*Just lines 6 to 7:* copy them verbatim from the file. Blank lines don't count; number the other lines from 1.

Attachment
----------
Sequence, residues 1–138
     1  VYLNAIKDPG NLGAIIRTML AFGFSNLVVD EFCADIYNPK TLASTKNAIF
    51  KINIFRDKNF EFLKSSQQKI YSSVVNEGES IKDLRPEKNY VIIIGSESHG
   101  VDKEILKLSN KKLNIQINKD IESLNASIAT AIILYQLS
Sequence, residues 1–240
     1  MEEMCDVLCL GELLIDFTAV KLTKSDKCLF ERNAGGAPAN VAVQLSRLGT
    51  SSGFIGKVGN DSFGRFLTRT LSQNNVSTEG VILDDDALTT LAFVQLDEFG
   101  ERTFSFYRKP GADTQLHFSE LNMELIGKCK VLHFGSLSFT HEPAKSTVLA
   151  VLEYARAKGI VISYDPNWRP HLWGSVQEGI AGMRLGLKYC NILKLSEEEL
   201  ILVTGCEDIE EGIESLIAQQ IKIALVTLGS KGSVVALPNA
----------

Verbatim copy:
     1  MEEMCDVLCL GELLIDFTAV KLTKSDKCLF ERNAGGAPAN VAVQLSRLGT
    51  SSGFIGKVGN DSFGRFLTRT LSQNNVSTEG VILDDDALTT LAFVQLDEFG